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WITH Fiona Fitzpatrick

-Managing Director of IF Administrators


Q: Where did you start your insurance career?

A: Some may say I was born into the industry; others have said for years I have been an apprentice to John Fitzpatrick, my Dad. I have always had no doubt that this industry would ultimately become my life.

Officially, on paper, my career started straight out of school, on reception and doing some paper filing and making a mean cup of tea or coffee for visitors – with no clear career path or plan. This was at my Dad’s second specialist underwriting manager which he had started – H&L Underwriting Managers. At H&L, I was lucky enough to be exposed at a start-up phase to all aspects of the business, as we were a small team. Everything from underwriting, to claims to accounts and more, became my domain which gave me an overview of the broader aspects of running the company.

Unofficially, my career started when I was much younger where I did my school homework on the boardroom of corporate insurance companies or when I got roped into helping in the holidays putting together hard copies of policy wordings for pocket money when a new underwriting manager was being launched. Being exposed to the industry and the people in it showed me how this industry has propelled people forward when they’ve followed their individual paths and not only have they changed the lives of policyholders across the scope of the industry, their own lives, and their lives of their families have been affected positively by having found their purpose within the landscape of the insurance industry.

Q: What prompted you to enter The Insurance Apprentice?

A: After having a heated discussion with an industry colleague late last year, she stopped me and asked why I hadn’t entered The Insurance Apprentice. This stopped me briefly and I made a mental note of looking it up, as I had heard of it but I had never followed the show previously. When I found the show, I noticed at the same time that applications were open and I applied – not putting much thought into it.
A few months later, I started to receive correspondence from FA News and TIA Team and I realised that I had been accepted. It only started to really sink in then that I really do not know what I am in for – but my perpetual calmness prevailed. I went with the flow and I am so glad I didn’t panic and sign my application off as this experience has changed my life.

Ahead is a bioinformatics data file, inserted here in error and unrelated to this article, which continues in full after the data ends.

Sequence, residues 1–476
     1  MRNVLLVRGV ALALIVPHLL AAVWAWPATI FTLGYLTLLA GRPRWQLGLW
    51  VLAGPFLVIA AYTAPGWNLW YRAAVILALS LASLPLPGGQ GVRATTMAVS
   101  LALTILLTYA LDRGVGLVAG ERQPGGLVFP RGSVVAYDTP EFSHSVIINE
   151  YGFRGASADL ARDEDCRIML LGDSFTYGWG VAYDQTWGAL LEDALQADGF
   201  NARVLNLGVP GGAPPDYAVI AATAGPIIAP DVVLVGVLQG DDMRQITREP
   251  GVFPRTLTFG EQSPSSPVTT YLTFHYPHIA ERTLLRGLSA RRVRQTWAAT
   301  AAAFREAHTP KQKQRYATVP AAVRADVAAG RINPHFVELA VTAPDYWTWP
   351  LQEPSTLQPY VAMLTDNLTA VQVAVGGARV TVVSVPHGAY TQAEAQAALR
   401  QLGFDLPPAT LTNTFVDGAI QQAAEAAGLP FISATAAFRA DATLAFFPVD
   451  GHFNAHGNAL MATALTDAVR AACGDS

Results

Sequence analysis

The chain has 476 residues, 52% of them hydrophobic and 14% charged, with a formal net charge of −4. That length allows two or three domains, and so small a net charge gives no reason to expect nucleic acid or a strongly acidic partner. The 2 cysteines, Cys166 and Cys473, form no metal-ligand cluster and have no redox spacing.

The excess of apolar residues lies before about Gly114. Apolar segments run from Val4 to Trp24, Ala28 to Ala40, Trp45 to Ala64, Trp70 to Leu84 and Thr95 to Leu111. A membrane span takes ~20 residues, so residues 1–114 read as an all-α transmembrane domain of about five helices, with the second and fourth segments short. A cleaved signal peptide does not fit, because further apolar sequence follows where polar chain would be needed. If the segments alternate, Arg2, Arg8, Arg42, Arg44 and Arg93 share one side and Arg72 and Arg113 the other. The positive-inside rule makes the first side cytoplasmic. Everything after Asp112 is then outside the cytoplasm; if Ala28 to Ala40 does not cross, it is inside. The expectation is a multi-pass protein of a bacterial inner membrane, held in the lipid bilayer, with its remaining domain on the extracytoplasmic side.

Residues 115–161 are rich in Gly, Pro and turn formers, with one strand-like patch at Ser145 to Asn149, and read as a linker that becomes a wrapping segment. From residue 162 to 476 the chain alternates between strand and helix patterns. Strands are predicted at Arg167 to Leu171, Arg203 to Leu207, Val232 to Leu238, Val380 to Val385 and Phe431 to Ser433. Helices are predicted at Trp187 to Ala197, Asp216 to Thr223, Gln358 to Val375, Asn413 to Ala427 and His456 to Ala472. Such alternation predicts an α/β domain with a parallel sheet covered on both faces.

Q: What were some of the highlights as a participant in TIA?

A: It is always amazing to win something, especially when it was unexpected – as I entered this competition to see how far I could go. Words cannot describe simply just how excited I was to be announced as the winner with such incredible prizes sponsored by the insurance industry legacy companies – which I am still trying to fully digest.
It must be said though, a true highlight for me as a people’s person, was being able to spend time between filming, despite it being virtually filmed. The group of amazing minds who were with me in the Top 10. The insurance industry better look out because with that type of talent, it is sure going to be a dynamic environment to work in and witness these individuals rise to within their positions of leadership and making changes to so many people’s lives along the way.

Q: What were the best lessons learnt?

A: The biggest lesson for me throughout this competition is that the only limitations you have in life are those which are placed upon you by yourself, even when it feels that they are being placed upon you by others. Learning to believe in your own abilities in times of high pressure sometimes results in impressing yourself with what you can achieve.

Q: What advice do you have for future TIA entrants / or why should someone consider entering TIA?

A: The insurance industry is over 100 years old but it does not mean that there is no room for fresh talent and new ideas to spring about change and innovation.
If you have decided on your career path as being the insurance industry, there is absolutely no reason why you shouldn’t enter – the worst thing that could happen is that you make a mistake and get sent home. To err is human, but to have the opportunity to test your knowledge will forever propel you forward in all levels of confidence, experience and you may even surprise yourself.
The show has the word ‘apprentice’ in the title for a reason and that reason is that you do not need to be a master to enter – you just need a bit of passion, a bit of luck and a can-do attitude.

Applications for season 8 of The Insurance Apprentice are now openhttps://www.theinsuranceapprentice.co.za/apply/

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